Frequently Asked Questions

"Exposure to Low-Dose Ionizing Radiation from Medical Imaging Procedures"

New England Journal of Medicine (NEJM), Volume 361:849-857, August 27, 2009

Who authored the article?

The article’s lead author is Emory cardiologist Reza Fazel, MD, MSc. Additional co-authors are: Harlan M. Krumholz, MD, SM (Yale), Yongfei Wang, MS (Yale), Joseph S. Ross, MD (Mt. Sinai), Jersey Chen, MD, MPH (Yale), Henry H. Ting, MD, MBA (Mayo Clinic), Nilay D. Shah, PhD (Mayo Clinic), Khurram Nasir, MD (Boston Medical), MPH (Johns Hopkins), Andrew J. Einstein, MD, PhD (Columbia), and Brahmajee K. Nallamothu, MD, MPH (U. of Michigan).

What is the crux of the article?

The article reports on a research study that shows that several types of medical imaging procedures - such as x-rays, fluoroscopy, computed tomography (CT) scans, and nuclear medicine scans - expose patients to ionizing radiation, which over time can accumulate to substantial doses.

What is the importance of this research?

As an academic medical center with a distinct focus on research and improving clinical care, Emory is charged with finding the best ways to deliver healthcare in the United States. This article raises awareness of the cumulative doses of radiation that patients may have received and may eventually help us to develop better ways to take care of our patients.

This is a retrospective study that looked only at possible radiation doses. It did not attempt to see if there were adverse outcomes or assess the risk/benefit ratios of these procedures. It is an appropriate initial step in examining this important issue and as such, it will help us to develop future studies to guide us in the optimal use of diagnostic and therapeutic studies that employ ionizing radiation.

Do all imaging or radiology studies expose patients to radiation?

No. Ultrasound or sonography and magnetic resonance imaging (MRI) do NOT require the use of radiation.

Were all radiation doses studied of concern?

No. The majority of individuals who received radiation-related tests in the research study were exposed to low-dose x-rays, such as a chest x-ray. The procedure that contributed most to overall radiation exposure in the population was myocardial perfusion imaging, followed by abdominal, pelvic, and chest CT scans. Even still the average effective dose of radiation from all procedures was 2.4 mSv per year, which is equivalent to approximately 80 percent of the background exposure that the average adult receives in the US from natural sources.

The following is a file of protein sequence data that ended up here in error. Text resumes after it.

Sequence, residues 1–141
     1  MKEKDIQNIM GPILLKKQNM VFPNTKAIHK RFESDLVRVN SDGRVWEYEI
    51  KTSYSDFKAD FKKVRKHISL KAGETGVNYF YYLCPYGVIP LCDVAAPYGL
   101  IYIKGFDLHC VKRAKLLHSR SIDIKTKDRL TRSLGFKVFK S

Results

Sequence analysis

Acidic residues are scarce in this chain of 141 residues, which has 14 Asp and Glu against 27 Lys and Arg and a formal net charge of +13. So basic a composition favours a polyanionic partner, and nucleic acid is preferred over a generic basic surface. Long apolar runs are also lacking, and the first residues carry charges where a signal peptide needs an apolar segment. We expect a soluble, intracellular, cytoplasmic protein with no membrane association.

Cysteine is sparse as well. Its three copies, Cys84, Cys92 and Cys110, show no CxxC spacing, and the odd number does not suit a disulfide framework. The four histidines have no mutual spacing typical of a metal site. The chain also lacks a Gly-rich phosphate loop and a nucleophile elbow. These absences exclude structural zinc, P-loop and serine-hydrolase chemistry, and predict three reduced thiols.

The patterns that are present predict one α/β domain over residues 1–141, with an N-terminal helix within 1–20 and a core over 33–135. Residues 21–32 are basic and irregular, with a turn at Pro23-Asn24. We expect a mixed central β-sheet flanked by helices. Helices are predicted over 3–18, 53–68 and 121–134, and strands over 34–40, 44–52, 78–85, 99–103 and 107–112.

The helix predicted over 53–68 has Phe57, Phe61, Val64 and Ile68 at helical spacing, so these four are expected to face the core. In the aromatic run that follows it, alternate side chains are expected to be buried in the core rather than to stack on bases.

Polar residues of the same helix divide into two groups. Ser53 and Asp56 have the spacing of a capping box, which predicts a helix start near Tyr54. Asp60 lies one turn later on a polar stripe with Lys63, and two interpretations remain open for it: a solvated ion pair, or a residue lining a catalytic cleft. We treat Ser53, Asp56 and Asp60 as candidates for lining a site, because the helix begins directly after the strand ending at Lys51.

What levels of radiation caused concern?

More concerning doses that accumulated over time were uncommon, with doses >20 mSv per year occurring in approximately 2 percent of enrollees and doses >50 mSv per year occurring in 0.2 percent of enrollees. While the risk to the individual patient from these doses are small, when applied to large populations of patients, these small risks can add up.

Are there any caveats to the study?

Yes.

• The authors caution that they could not comment on clinical indications for the imaging procedures, their appropriateness, or whether other alternative studies were available.

• Effective doses used in the study are averages derived from the literature that are not specific to an individual. Thus, the actual absorbed dose may vary by sex, body mass and body composition.

• Radiation doses may vary by institution and the protocols in current use.

Is anything being done to reduce radiation exposure?

Yes.

• According to the study authors, strategies to lower medical radiation exposure to the public are being addressed by national medical physics and radiology organizations, including the American Association of Physicists in Medicine and the American College of Radiology.

• Emory cardiologist and study author Dr. Reza Fazel notes, "Raising both physician and patient awareness on these issues as well as encouraging continued technological advances to lower radiation doses of procedures are the key approaches to lowering long-term risks in patients and for the population. But in the end, these risks need to be balanced against the immediate clinical need for these procedures, which are substantial in many cases."

Are there questions I should ask my imaging center about their protocols?

Yes. You should ask if the imaging center is accredited, the imaging personnel are credentialed, and the protocols used are weight-based and indication-based to ensure that they receive high-quality imaging.

At Emory, the majority of our imaging modalities are accredited by the American College of Radiology (ACR), Intersocietal Commission for the Accreditation of Computed Tomography Laboratories (ICACTL), Intersocietal Commission for the Accreditation of Nuclear Medicine Laboratories (ICANL), Intersocietal Commission for the Accreditation of Vascular Laboratories (ICAVL), or the American Institute of Ultrasound in Medicine (AIUM). Our Positron Emission Tomography (PET) Center was one of the first in North America to earn accreditation from ICANL. The Emory Breast Imaging Center earned the Breast Imaging Center of Excellence award from the ACR’s Commission on Quality and Safety and Commission on Breast Imaging, the highest designation available through the ACR. Additionally our radiologists implemented national benchmark standards for CT efficiency.

Where can I learn more?

To learn more about what is being done to improve radiation safety in medicine by reviewing the following web sites:

Image Gently: Alliance for Radiation Safety in Pediatric Imaging

National Council on Radiation Protection & Measurements

American College of Radiology White Paper on Radiation Dose in Medicine

Patient InformationFind more patient information about radiology at radiologyinfo.org.

Más información para pacientes sobre radiología.